Diving's not just about falling from a high place. Indeed, the 3m springboard isn't even especially high. A bouncy blue plank stretches out across the water, dwarfed by the 10m platform looming alongside. You walk out, you push down, and then you leap up into the air and twist like crazy on the way down in the hope that the judges will give you marks. That's essentially how the event works. And that's what I watched for four solid hours yesterday afternoon.
Everything took place up one end of the Aquatics Centre, so anyone sat overlooking the Olympic sized swimming pool had a somewhat diminutive view of proceedings. The afternoon kicked off with a warm-up session, which essentially gave carte blanche to all the athletes to climb up the steps of their choice and hurl themselves from the top. The high and medium platforms were popular, all good practice for whatever events the competitors might be taking part in later in the week. They queued to ascend, and waited patiently at the top, then raised their arms before leaping into the blue. Meanwhile the springboard posse gathered en masse on three lower boards, in parallel, to prepare for today's matter in hand.
One especially important element of the whole up/down cycle was the humble towel. Divers made sure they were damp before ascending, then rubbed themselves down at the summit before hurling their towel down to ground level. Mostly they hit the tiles on the edge, but sometimes the towel landed in the water and floated there until its master descended to collect it. And then round again - lob, collect, lob, collect - until the warm-up finally closed and a volunteer went round to grab all the spare towels left draped over the rails. Seriously, a big thing in diving, towels. Never be without one.
At 2pm athlete number 1 climbed the steps, solo, for the first competitive dive. The crowd hushed - utterly and completely across the entire Aquatics Centre, so quiet that you could have heard a man drop. He stood on the tip of the board, then bounced and flipped in accordance with the precise form of dive posted up on the display board. The idea is to excel and then hit the water cleanly, which he didn't quite, so the judges marked him down on his performance. There are seven judges marking out of ten, then the top two and lowest two scores are deleted, and the remaining three scores totalled and multiplied by the numeric difficulty score for each type of dive. Being the first diver this performance placed him automatically in first position, and we all applauded, but his top spot wasn't to last. There were 58 other divers to follow, each with six different dives to make. That's 354 consecutive kersploshes. It was going to be a very long afternoon.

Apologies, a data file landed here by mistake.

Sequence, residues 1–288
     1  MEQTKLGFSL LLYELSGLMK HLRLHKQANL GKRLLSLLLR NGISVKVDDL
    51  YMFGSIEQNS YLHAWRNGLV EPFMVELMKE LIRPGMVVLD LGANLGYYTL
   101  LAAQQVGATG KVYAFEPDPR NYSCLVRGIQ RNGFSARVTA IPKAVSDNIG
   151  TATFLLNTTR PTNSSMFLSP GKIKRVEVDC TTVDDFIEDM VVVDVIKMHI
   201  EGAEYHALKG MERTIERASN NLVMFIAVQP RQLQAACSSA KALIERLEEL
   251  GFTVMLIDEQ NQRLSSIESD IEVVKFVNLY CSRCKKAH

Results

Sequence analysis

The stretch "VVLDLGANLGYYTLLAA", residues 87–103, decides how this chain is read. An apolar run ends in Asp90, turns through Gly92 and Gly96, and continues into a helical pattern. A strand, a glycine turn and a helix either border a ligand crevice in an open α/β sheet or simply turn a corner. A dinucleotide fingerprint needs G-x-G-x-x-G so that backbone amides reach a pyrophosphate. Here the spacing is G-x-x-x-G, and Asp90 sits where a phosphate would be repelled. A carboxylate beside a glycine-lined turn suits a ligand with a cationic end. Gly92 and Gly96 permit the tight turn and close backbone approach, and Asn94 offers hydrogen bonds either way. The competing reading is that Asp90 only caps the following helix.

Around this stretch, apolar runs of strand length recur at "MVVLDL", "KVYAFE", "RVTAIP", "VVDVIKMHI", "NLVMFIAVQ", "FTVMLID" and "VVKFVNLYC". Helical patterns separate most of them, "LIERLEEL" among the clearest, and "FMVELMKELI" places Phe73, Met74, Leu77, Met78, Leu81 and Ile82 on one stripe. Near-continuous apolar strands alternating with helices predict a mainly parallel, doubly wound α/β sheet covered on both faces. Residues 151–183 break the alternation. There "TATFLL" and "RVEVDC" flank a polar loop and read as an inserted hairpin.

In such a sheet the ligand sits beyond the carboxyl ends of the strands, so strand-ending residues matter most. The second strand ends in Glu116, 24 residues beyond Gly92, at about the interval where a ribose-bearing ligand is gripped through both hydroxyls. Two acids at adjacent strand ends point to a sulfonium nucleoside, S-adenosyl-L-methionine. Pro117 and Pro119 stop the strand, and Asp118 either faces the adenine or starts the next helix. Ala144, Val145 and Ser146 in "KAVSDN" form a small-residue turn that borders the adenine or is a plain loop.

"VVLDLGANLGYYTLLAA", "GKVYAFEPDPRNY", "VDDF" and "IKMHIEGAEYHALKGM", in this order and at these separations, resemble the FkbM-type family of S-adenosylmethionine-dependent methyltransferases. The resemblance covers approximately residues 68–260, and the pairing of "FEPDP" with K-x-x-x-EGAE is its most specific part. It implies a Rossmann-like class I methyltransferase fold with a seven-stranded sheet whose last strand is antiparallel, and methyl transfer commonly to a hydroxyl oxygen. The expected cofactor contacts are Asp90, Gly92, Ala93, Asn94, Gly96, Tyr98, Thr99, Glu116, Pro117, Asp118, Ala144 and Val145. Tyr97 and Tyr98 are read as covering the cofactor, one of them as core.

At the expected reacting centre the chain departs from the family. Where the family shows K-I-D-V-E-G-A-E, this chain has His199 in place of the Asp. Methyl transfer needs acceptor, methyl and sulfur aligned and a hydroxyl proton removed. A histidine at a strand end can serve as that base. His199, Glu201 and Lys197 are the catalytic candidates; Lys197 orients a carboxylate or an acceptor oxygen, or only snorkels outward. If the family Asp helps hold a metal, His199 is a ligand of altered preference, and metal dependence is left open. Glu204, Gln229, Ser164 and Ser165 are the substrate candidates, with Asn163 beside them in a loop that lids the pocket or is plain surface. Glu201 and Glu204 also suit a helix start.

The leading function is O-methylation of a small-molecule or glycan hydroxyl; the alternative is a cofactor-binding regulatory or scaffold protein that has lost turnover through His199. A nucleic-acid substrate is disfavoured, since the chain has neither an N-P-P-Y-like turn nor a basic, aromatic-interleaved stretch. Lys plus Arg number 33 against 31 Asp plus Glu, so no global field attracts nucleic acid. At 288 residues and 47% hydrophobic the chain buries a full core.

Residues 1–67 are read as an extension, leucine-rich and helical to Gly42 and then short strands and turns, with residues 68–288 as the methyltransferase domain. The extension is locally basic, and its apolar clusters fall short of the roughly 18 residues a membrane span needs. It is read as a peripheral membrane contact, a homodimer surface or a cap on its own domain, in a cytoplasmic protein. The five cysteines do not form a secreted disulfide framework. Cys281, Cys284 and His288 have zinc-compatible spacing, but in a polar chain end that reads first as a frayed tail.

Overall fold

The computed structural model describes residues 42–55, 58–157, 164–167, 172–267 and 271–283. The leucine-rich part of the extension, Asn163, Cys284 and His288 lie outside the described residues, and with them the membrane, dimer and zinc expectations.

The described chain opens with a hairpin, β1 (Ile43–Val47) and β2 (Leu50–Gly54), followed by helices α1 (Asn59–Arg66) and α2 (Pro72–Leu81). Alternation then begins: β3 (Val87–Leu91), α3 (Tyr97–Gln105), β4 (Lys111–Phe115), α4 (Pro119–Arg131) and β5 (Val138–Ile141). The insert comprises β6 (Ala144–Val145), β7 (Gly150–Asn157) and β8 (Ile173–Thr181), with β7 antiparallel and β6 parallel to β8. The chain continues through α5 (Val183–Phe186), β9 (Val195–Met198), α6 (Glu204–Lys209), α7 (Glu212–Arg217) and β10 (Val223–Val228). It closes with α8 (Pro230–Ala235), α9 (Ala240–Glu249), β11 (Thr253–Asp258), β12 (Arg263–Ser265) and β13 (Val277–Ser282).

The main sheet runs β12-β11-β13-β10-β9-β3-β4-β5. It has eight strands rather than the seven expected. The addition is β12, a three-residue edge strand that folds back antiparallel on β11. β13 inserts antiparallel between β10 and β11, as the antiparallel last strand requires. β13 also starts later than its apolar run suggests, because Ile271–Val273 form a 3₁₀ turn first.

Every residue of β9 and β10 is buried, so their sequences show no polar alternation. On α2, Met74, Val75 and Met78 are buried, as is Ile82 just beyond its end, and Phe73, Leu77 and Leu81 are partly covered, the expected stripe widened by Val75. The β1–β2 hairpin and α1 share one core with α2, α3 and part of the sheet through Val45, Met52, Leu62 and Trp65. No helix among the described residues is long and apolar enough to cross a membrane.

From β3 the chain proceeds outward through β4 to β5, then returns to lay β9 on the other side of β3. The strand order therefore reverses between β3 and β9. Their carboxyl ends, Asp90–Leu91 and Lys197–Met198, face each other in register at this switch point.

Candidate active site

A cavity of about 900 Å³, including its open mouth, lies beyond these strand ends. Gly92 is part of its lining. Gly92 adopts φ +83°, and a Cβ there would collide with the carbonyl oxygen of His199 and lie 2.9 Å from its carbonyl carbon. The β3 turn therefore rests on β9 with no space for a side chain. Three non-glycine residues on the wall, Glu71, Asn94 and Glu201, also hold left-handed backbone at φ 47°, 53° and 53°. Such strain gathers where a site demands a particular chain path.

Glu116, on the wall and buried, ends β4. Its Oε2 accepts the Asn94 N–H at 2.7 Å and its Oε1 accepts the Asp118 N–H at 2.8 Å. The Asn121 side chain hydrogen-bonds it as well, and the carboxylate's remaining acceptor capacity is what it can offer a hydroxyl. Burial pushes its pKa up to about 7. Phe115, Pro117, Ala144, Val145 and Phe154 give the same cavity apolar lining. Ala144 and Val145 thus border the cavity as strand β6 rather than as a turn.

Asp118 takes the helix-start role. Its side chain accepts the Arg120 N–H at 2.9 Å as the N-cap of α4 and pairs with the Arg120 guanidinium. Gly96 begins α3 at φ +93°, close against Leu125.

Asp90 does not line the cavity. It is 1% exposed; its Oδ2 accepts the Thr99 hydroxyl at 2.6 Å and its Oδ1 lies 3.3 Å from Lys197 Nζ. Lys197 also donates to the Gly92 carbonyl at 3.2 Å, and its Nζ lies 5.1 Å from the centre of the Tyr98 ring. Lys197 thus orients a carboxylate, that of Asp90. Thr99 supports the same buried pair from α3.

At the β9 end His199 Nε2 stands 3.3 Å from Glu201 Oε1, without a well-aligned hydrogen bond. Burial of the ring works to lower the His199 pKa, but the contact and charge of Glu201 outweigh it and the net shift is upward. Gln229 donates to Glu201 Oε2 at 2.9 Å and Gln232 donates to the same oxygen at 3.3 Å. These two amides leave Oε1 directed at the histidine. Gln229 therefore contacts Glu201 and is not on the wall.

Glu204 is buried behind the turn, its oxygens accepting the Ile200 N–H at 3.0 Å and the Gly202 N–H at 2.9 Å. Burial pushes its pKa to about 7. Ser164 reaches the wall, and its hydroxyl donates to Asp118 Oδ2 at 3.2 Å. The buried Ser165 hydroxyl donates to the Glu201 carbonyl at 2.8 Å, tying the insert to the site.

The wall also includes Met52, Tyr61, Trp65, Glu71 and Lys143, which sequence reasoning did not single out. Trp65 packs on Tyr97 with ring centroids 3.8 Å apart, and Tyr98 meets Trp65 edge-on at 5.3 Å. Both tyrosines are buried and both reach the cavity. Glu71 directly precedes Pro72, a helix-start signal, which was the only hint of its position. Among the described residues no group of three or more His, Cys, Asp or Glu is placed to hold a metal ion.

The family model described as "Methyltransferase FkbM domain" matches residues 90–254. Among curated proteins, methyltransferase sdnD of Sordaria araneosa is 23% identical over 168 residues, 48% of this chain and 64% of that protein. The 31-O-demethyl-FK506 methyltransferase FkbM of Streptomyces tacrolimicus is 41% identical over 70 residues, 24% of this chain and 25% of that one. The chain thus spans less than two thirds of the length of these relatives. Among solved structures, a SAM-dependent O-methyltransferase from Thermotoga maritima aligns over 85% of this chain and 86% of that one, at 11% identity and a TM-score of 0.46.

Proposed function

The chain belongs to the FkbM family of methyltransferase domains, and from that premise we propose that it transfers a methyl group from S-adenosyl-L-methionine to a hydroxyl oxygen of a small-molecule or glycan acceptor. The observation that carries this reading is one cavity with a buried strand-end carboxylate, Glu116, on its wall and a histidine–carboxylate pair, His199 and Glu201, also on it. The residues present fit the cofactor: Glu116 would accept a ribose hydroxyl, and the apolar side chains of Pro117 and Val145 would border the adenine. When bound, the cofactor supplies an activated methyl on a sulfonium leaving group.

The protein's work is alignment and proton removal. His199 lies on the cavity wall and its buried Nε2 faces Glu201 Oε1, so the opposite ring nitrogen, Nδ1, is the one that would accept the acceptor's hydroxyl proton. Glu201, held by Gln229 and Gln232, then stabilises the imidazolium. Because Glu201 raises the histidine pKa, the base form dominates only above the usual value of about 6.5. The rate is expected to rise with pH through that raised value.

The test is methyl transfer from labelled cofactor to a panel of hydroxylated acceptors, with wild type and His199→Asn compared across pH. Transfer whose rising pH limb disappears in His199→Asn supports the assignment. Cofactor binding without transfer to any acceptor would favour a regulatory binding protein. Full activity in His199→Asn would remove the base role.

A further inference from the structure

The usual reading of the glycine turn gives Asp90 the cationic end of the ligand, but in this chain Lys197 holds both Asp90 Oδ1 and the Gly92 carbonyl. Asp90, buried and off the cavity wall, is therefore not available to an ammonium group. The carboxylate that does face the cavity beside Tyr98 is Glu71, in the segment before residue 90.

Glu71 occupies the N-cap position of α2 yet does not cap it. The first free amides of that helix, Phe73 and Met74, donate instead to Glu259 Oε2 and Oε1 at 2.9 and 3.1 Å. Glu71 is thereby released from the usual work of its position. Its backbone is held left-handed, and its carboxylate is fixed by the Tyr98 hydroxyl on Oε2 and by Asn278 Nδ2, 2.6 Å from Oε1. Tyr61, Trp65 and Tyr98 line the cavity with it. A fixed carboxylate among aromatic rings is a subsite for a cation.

Here's how the springboard dive cycle works: » previous diver leaps into water (to varied levels of applause) » next diver ascends steps (while very brief snippet of Adele, or other mainstream artist, plays over the PA) » scores from previous diver flash up briefly on big screen, and the crowd strains to look » the lady announcer reads out the name of the next diver, and the four-digit code for their chosen dive » if British, there are manic cheers of "come on Jack!" or "come on Chris!" (especially from Chris's Mum in the front row with the big Union Jack) » umpire blows whistle, then silence (but less silence as the afternoon goes on) » diver positions himself (backwards) at tip of plank, or takes a bounding run-up » diver leaps into water (and repeat)
At first the crowd would applaud anything, then as the afternoon wore on fewer people applauded for less time, not unless the last dive had been especially good or especially British (or both). As novice spectators, alas, it was very hard for us to judge each dive on its true merits. Often we'd applaud wildly a dive which the judges then decreed was merely mediocre, or fail to cheer for a dive worth high sevens or even eight. According to one of Monday's competitors, China's Ruolin Chen, ‘The crowd here are all very excited, they will give you good support if you dive good or bad.’ And so we will, lady, because we don't actually understand what we're clapping.
But occasionally it was obvious. The South American diver who slapped his head against the board on the way down, then left clutching a bag of ice - he obviously scored badly. The diver whose downward trajectory made every coach sitting by the poolside rise to their feet in fear of an imminent mega-splash - he obviously scored badly. The pre-adolescent Hong Kong boy who looked like he was at least six years younger than everybody else in the competition - he scored more for sympathy than for technical excellence. And China's Ka Qin - every one of his dives was so good that before long he was beating everyone else by 19 clear points.
On and on and on it went, for six 40 minute rounds, with barely a pause between each. By the end of the four hours many of the competitors coming round felt like old friends - the Venezuelan with two strips of black tape covering his tattoos, the American with a screeching girl fan in the audience, the blond Russian who wouldn't look out of place in the next Bond movie, all of them. And of course it was Ka Qin who won, but Britain's Jack Laugher managed a very creditable fifth place to the delight of the crowd. The entire Mears family were visibly overjoyed too, especially Mum, because son Chris beat the cut for today's semi-finals by coming 14th, and earned himself an Olympic team place as a bonus. Welcome to Stratford's palace of watery dreams, with only five months to go until all this is for real.